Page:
Aerospace Instrument “Fingerprints” Space Objects
Aerospace scientists recently used a unique ground-based instrument to collect identifying information about satellites orbiting at 35,000 km above the earth. They also observed and classified a supernova in a nearby galaxy.
The Visible and Near-Infrared Imaging Spectrograph (VNIRIS) is a portable instrument designed and constructed at Aerospace to perform a variety of remote sensing functions including launch plume analysis, remote identification of material composition, and calibration of instrumentation on national security space systems.
The team recently took it to the University of California’s James Lick Observatory to demonstrate its use in observing and cataloging satellites.
They successfully used the VNIRIS instrument to obtain spectroscopic information of reflected light from satellites in geosynchronous orbit. These spectra provide a “fingerprint” of an orbiting satellite that can help to rapidly identify the object – a function that is increasingly important as the space environment becomes more contested.
During this observation session, Aerospace scientists pointed VNIRIS towards a star-like object in a nearby galaxy that other scientists suspected of being a supernova.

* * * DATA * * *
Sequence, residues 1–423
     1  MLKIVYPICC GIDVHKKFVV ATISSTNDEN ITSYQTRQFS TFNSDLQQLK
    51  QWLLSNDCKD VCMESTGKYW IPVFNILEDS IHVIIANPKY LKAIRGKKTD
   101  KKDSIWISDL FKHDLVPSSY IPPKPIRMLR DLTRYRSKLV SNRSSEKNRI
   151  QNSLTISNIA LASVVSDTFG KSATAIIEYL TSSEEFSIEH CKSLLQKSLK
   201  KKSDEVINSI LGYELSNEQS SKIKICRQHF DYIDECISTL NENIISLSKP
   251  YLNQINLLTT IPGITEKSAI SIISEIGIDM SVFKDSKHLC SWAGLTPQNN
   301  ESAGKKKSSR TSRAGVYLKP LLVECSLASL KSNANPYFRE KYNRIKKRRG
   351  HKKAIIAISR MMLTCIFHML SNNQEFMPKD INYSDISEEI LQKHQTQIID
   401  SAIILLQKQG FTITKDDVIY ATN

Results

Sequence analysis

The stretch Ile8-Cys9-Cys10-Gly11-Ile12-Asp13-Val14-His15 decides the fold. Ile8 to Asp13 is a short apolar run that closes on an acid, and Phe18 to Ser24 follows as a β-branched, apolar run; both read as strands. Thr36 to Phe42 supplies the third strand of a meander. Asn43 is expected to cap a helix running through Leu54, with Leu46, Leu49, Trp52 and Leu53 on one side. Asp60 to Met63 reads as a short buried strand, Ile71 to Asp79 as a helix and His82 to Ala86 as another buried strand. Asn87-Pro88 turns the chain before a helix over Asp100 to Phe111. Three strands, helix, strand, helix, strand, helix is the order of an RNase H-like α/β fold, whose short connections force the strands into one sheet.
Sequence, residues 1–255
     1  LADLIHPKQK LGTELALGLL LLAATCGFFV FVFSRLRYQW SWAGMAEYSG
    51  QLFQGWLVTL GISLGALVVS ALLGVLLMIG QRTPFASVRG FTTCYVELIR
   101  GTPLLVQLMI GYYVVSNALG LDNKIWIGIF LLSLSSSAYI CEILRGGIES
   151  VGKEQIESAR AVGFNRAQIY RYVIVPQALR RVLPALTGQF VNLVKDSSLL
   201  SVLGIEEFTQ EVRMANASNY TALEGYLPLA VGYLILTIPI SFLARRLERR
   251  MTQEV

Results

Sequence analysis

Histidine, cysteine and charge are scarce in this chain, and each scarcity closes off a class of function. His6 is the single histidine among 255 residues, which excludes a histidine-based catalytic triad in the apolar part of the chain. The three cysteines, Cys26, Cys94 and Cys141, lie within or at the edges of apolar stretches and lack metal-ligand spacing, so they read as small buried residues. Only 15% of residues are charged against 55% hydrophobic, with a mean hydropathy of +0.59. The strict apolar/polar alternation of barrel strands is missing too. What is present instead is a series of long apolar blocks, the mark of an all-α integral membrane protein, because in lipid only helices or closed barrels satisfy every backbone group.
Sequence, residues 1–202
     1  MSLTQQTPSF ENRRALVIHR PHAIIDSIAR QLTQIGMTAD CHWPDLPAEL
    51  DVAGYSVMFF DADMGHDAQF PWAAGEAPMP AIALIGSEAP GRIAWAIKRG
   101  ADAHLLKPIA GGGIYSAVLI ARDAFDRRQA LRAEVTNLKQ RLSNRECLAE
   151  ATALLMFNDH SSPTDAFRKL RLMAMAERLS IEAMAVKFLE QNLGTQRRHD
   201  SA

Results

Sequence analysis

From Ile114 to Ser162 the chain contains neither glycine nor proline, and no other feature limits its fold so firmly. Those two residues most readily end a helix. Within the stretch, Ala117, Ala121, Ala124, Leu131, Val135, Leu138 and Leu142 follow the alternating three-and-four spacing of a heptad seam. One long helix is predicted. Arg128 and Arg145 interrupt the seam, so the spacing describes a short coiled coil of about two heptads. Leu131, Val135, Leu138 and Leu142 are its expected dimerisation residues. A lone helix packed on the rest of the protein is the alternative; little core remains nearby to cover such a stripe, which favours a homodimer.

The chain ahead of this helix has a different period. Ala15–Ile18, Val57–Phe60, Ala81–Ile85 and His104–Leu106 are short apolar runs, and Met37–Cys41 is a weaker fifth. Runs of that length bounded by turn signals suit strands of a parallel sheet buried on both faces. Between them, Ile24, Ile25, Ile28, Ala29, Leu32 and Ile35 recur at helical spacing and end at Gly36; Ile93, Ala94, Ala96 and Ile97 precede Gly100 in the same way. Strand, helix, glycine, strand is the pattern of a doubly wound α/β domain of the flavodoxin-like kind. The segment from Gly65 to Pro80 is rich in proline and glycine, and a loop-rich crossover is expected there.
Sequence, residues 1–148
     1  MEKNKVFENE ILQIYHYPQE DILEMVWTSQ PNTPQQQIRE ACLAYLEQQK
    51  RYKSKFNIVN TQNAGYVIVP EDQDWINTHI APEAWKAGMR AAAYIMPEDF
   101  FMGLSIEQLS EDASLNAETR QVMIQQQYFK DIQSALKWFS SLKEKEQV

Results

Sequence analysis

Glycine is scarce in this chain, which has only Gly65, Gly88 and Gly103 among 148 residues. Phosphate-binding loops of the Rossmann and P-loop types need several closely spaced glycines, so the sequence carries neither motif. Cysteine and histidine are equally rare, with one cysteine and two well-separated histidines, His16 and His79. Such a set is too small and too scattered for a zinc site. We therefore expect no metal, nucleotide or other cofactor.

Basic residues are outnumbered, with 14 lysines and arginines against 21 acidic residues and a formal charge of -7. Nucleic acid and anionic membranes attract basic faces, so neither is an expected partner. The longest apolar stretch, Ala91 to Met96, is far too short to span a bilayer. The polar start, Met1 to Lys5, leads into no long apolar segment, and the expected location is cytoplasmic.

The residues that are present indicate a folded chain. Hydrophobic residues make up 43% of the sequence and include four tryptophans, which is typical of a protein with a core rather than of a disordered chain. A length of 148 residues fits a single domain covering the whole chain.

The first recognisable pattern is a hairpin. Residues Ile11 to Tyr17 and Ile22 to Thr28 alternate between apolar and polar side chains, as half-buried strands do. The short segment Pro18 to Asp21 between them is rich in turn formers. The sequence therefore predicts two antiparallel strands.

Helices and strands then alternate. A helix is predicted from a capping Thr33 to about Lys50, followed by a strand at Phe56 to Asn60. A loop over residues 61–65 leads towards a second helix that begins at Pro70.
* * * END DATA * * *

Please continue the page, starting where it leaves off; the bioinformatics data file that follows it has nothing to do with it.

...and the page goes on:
VNIRIS detected a broad absorption in its spectrum due to ionized silicon, which is characteristic of a type Ia supernova. These results were announced to the international astronomy community which prompted observations by other astronomers to further characterize this supernova.
VNIRIS was originally constructed in the mid-1990s and has been continuously upgraded to adapt to customer needs and incorporate the latest in imaging technology.
This unique instrument has been used for a variety of remote sensing applications and astronomical and aeronomical research. VNIRIS can characterize the intensity of light over a broad range of wavelengths, from the ultraviolet through the short-wave infrared (0.35-2.5 microns).
It is one of the only spectrographs of its kind that has this capability and is also portable, allowing it to be used at observatories and customer sites and giving Aerospace scientists the freedom to customize the instrument for diverse applications.